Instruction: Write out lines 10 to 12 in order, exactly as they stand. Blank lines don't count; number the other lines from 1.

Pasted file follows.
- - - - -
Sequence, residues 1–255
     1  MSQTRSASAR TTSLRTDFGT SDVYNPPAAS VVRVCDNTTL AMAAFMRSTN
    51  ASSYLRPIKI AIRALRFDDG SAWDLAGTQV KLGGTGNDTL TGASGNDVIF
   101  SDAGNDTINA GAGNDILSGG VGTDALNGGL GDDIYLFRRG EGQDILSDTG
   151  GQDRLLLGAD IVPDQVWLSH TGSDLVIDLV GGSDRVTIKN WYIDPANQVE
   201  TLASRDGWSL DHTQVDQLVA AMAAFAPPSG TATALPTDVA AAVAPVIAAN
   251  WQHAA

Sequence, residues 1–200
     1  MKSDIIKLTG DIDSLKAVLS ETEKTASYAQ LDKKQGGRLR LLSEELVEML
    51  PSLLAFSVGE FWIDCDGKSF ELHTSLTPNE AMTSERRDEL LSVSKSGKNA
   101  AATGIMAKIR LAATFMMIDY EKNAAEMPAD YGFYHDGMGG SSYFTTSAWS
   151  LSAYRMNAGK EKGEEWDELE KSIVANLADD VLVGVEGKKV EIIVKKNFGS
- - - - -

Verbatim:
    51  PSLLAFSVGE FWIDCDGKSF ELHTSLTPNE AMTSERRDEL LSVSKSGKNA
   101  AATGIMAKIR LAATFMMIDY EKNAAEMPAD YGFYHDGMGG SSYFTTSAWS
   151  LSAYRMNAGK EKGEEWDELE KSIVANLADD VLVGVEGKKV EIIVKKNFGS